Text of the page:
Exhibit of the Week: Norwegian Self-Acting Cooking Apparatus, Beck Isle Museum, Pickering
On display in the Ironmongers shop at Beck Isle Museum is an intriguing item. The Norwegian Self-Acting Cooking Apparatus, dating from around the 1860s -1870s, is a wooden box, lined and thickly stuffed with felt. A cooking vessel made of tin fits into an aperture in the centre of the box.
It is similar to a haybox cooker, a form of thermal cooking whereby the compartment was packed full of hay.
It was patented by Herr So’rensen, who was first directed to the subject by the Norwegian peasants, who kept a saucepan hot by surrounding it with chopped hay.
The directions for use are printed on a piece of paper on the underside of the lid.
Food was first cooked in a saucepan and maintained at boiling point for five to ten minutes before being transferred to the tin vessel in the centre of the Norwegian Self-Acting Cooking Apparatus. It then continued to cook at a slower rate with the thick felt lining acting as a non-conductor of heat.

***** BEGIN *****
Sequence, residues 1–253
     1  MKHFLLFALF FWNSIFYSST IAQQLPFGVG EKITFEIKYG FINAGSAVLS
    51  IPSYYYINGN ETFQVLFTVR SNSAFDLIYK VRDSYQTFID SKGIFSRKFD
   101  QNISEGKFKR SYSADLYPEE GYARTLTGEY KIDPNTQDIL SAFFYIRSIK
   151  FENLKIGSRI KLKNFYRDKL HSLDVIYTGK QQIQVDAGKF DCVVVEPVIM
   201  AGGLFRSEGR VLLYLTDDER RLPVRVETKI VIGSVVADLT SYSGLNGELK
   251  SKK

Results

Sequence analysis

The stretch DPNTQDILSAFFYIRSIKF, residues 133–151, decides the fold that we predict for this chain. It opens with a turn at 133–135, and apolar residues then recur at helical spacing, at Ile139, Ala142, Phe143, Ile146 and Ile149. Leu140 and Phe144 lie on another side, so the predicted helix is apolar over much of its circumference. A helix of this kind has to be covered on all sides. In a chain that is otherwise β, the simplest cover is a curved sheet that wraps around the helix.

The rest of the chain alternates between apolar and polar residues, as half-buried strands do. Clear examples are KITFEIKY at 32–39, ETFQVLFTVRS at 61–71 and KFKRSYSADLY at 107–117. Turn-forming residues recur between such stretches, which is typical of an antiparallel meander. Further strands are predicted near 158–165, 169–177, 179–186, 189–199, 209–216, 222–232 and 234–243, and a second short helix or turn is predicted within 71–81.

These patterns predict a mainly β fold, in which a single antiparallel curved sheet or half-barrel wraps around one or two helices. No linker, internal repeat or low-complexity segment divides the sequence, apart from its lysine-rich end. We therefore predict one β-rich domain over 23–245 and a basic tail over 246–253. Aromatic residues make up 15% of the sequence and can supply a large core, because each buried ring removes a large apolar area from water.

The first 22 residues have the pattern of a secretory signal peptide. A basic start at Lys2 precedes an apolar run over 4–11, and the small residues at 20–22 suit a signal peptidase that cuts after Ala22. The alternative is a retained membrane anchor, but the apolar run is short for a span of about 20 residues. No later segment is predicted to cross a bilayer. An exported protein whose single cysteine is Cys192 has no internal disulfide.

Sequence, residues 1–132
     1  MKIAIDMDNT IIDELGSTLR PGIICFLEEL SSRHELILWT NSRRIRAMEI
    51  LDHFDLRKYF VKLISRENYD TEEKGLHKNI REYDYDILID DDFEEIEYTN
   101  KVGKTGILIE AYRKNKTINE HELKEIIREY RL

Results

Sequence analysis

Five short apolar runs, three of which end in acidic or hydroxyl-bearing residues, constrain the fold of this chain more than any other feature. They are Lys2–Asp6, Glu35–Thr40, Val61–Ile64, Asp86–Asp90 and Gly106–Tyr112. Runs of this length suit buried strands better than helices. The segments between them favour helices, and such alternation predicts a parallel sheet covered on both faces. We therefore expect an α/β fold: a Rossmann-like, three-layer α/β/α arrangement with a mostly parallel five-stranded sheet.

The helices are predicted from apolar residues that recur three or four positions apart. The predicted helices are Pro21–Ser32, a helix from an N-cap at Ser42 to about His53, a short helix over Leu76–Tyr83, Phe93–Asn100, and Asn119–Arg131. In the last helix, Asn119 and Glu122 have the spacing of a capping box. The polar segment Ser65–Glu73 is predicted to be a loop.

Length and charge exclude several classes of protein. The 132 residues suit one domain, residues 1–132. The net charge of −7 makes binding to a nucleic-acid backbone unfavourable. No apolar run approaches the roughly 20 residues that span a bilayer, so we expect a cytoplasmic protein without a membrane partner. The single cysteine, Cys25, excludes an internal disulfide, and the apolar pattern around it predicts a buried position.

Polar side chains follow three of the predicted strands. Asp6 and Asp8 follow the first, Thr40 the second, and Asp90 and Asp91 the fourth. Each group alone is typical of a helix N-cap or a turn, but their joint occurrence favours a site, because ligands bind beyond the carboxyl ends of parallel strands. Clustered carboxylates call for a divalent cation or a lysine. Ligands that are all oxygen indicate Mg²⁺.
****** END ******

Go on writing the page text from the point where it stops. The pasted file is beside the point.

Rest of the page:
The apparatus could be used for boiling, stewing or roasting meat. Dishes could be kept hot for about 10-20 hours.
It was advertised as being ideal for ‘yachting, boating, shooting, travelling, fishing, and pic-nics’ and metal handles on either side made it easier for trans- porting.
An article about the Norwegian Self-Acting Cooking Apparatus appeared in the Queanbeyan Age newspaper (a weekly newspaper based in New South Wales, Australia) in June 1869. It states that ‘His Royal Highness the Prince of Wales is going to have the apparatus tried during his anticipated trip up the Nile’.
The advantages of this apparatus were advertised as:
l Economy of Fuel
l Economy of Labour
l Quality and Quantity of Food Prepared
l Simplicity of Use
We are unsure where the item was manufactured and it is possible that it was imported.
There is also a Norwegian Self-Acting Cooking Apparatus in the Scottish Mountain Heritage Collection.
Beck Isle Museum is open daily from 10am-5pm April through to September. You can also see our website www.beckislemuseum.org.uk, or follow us on Facebook to find out more about the museum.